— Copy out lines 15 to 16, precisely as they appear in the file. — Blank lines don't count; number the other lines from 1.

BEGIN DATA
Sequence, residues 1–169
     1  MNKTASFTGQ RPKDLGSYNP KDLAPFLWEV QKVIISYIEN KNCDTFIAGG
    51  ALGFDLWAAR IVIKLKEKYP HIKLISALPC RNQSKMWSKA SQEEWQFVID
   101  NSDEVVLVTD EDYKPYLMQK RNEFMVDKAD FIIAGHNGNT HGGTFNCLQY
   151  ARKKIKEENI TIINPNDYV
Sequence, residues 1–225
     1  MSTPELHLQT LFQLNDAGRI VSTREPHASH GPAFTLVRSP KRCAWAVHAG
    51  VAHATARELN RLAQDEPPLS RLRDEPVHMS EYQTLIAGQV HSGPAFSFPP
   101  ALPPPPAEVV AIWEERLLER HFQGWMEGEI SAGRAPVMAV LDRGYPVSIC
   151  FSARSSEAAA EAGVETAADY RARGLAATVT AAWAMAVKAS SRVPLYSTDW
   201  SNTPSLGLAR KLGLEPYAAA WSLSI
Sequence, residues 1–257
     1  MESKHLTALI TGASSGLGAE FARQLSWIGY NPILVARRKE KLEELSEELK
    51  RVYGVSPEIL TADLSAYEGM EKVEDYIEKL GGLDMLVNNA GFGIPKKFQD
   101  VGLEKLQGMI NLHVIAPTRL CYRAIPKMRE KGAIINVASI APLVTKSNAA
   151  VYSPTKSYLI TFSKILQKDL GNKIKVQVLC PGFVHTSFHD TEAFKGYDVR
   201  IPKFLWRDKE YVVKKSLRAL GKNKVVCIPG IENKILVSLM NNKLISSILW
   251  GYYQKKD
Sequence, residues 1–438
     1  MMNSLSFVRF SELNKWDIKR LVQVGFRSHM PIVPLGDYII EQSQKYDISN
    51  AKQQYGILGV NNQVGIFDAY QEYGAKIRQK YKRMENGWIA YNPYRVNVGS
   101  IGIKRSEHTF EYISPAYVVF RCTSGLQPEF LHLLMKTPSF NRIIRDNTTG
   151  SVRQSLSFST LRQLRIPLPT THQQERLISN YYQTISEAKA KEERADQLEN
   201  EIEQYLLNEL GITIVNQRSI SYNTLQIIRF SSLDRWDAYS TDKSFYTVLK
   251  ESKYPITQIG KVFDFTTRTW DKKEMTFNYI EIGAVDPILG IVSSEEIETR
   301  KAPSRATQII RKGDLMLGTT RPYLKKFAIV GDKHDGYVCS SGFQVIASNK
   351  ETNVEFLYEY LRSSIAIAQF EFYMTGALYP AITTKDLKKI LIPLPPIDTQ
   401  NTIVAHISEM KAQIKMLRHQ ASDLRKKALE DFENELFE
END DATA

   101  VGLEKLQGMI NLHVIAPTRL CYRAIPKMRE KGAIINVASI APLVTKSNAA
   151  VYSPTKSYLI TFSKILQKDL GNKIKVQVLC PGFVHTSFHD TEAFKGYDVR